What To Pack For Your First Camping Trip


Julie Chickery

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Julie and her husband Sean started traveling in their RV full-time 4 years ago after they each served 20 years in the US Air Force. Having lived in more than 10 states and 4 countries, the Chickerys decided it was time to enjoy the rest of the United States. They manage Chickery’s Travels, an educational and inspirational blog and YouTube channel aimed at helping people realize their full-time travel dreams.

If you have a motorhome or a towable and you’ve selected your first destination, you’re officially ready to pack up for some serious fun. The biggest challenge when camping for the first time is deciding what to pack without overloading your RV with unnecessary items and camping gear you may not use.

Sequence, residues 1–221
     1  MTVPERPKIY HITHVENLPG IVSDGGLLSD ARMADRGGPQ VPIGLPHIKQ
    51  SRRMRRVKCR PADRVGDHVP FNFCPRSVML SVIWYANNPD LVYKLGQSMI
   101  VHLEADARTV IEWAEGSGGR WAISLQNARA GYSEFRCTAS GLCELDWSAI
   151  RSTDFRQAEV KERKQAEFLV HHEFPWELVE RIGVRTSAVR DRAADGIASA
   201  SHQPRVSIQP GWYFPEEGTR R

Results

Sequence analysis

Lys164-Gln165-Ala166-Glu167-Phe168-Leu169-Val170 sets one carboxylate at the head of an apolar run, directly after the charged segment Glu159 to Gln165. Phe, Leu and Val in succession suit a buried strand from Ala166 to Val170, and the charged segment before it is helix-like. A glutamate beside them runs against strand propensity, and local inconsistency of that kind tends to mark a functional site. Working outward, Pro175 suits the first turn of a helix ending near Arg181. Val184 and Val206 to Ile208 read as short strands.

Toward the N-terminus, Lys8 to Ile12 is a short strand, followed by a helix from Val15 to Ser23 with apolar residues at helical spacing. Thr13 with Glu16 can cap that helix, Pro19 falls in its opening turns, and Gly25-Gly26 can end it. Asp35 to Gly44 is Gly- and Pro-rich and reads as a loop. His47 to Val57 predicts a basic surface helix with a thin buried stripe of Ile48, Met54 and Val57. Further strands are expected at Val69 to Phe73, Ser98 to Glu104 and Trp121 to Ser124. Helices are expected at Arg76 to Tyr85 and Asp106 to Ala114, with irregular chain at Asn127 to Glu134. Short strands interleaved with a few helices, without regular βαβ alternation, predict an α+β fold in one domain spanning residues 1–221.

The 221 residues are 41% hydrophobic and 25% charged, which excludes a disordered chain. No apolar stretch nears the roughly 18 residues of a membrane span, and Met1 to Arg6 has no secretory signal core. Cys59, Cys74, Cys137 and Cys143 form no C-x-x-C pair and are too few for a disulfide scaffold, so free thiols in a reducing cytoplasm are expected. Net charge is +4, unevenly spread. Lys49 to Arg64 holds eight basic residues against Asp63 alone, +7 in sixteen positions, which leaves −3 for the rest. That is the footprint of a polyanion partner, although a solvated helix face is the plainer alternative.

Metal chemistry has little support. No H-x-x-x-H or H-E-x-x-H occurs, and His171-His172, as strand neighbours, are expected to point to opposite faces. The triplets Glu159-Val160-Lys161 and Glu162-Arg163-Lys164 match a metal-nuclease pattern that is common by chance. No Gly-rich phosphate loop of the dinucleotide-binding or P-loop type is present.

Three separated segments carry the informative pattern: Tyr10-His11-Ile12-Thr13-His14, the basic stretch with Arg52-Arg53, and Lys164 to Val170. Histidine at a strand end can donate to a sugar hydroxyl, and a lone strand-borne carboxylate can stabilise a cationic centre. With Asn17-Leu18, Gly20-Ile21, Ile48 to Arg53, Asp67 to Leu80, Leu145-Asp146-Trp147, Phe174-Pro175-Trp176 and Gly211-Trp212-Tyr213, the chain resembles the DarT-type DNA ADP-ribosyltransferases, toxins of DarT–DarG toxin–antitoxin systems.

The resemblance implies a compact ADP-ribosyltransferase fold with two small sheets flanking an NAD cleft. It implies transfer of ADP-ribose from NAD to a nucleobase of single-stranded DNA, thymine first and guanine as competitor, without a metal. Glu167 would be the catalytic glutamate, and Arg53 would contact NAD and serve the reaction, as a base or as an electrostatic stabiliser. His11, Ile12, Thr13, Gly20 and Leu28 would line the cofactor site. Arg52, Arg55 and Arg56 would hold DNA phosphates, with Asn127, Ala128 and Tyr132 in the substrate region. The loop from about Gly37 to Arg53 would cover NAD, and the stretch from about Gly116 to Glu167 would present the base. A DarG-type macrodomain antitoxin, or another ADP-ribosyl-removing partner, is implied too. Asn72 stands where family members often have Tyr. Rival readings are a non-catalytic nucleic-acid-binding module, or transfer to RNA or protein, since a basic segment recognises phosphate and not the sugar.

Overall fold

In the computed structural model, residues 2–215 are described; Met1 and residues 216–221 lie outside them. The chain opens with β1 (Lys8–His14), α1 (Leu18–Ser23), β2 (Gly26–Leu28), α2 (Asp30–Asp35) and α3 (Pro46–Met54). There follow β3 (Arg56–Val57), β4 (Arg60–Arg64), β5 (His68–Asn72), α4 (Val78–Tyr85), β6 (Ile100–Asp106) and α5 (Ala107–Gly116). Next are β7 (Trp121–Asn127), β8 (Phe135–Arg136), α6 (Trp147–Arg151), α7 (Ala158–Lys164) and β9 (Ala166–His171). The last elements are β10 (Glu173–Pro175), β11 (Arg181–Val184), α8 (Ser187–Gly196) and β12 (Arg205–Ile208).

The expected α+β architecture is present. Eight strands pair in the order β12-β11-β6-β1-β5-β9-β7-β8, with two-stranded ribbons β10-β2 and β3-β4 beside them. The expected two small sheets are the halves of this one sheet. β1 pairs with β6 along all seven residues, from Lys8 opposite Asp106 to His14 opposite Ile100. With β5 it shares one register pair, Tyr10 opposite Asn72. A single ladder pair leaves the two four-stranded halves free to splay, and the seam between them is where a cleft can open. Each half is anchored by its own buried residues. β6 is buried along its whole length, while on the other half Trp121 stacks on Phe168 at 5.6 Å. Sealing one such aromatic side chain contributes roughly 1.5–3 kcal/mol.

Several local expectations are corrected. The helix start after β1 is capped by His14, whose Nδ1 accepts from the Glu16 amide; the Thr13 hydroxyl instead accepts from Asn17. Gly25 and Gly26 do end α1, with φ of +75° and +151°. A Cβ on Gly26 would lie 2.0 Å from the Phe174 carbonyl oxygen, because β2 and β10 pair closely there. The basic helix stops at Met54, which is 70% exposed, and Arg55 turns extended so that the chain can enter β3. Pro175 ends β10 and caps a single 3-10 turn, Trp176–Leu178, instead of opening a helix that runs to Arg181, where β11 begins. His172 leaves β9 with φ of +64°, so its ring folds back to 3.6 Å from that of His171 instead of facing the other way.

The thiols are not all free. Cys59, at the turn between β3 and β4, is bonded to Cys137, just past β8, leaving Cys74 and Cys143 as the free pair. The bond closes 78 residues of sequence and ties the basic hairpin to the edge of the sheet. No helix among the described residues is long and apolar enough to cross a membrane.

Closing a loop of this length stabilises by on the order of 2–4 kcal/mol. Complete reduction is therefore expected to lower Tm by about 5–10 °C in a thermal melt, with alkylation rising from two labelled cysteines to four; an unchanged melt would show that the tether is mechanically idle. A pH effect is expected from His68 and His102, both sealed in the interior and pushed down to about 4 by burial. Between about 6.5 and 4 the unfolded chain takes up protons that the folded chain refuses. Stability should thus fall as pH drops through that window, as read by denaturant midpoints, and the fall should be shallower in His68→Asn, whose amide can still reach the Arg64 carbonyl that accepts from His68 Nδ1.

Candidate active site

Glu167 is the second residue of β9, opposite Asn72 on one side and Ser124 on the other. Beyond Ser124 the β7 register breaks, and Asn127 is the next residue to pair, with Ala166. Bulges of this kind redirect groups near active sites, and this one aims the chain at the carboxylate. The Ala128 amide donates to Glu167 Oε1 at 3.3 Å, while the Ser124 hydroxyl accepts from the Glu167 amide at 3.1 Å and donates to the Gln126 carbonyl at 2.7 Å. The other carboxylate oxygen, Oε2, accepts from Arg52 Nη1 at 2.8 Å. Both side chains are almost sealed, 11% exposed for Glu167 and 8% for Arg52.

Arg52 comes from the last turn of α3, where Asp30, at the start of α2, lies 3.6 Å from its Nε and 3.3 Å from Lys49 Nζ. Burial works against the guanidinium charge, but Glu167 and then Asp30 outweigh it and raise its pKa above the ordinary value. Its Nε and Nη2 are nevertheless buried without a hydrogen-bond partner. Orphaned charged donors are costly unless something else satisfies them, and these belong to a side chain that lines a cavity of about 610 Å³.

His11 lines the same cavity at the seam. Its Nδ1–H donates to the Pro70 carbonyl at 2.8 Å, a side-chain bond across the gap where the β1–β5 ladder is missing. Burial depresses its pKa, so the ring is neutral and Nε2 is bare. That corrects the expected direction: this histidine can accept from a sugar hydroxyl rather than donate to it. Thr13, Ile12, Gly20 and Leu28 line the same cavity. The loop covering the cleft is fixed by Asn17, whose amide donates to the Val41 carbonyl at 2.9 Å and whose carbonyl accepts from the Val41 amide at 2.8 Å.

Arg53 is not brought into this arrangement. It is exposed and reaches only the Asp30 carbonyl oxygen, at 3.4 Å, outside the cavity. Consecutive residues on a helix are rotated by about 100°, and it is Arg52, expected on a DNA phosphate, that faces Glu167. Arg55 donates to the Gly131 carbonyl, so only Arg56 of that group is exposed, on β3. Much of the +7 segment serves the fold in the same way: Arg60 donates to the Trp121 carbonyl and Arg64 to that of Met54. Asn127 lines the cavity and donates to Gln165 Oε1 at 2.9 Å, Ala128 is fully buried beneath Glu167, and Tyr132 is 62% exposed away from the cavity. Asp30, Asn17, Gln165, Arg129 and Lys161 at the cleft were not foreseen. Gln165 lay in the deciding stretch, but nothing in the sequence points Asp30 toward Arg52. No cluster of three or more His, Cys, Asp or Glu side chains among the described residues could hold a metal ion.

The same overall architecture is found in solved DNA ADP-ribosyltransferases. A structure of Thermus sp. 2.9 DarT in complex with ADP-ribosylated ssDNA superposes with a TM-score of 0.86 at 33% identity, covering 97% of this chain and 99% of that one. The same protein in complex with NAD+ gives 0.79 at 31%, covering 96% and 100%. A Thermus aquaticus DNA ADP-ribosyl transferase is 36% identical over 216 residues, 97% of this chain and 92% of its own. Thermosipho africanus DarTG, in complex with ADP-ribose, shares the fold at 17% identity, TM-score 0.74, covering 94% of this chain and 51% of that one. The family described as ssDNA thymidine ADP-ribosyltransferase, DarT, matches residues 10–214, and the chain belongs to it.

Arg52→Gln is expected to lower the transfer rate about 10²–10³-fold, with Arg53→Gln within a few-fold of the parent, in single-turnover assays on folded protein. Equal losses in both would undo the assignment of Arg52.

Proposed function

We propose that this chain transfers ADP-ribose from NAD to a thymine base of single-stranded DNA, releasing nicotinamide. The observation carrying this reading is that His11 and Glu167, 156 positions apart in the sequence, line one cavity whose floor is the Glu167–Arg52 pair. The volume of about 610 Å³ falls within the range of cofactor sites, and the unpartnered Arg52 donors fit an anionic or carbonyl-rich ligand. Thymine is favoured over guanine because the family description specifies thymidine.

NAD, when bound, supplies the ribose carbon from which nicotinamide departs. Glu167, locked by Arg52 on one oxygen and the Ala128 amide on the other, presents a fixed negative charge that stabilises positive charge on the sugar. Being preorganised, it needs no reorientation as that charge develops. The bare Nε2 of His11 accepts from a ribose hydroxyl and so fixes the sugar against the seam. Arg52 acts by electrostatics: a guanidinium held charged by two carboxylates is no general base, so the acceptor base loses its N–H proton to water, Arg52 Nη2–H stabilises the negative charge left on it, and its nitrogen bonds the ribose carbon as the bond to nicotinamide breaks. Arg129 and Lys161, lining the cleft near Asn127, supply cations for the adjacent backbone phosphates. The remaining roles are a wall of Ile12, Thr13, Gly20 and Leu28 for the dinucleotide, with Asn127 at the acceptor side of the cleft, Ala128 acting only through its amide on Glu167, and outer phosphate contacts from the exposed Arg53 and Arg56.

RVs give you the freedom to bring a lot more than you could when car camping. But you need to be careful not to exceed your camper’s weight ratings. Follow these RV packing tips to save space, time, and stress when you pack for your first camping trip.

First Things First – Gear Testing and Preparation

Photo by Camping World

Before you randomly start loading things into your RV, play around with your gear in the backyard. Get comfortable with pitching your tent, explore the features of your camping cooler, and test out a meal or two on your portable grill.

By testing out your gear in your own backyard before reaching the campsite, you can maximize setup time when you arrive. Who doesn’t love saving time? Especially when there is plenty of adventure ahead on your RV trip.

During this phase, consider how your gear will fit into RV storage compartments. Loading smaller gear into storage bins or containers saves space and keeps your gear organized so you don’t have loose items moving around when you’re in transit.

Outfit Your RV With The Basics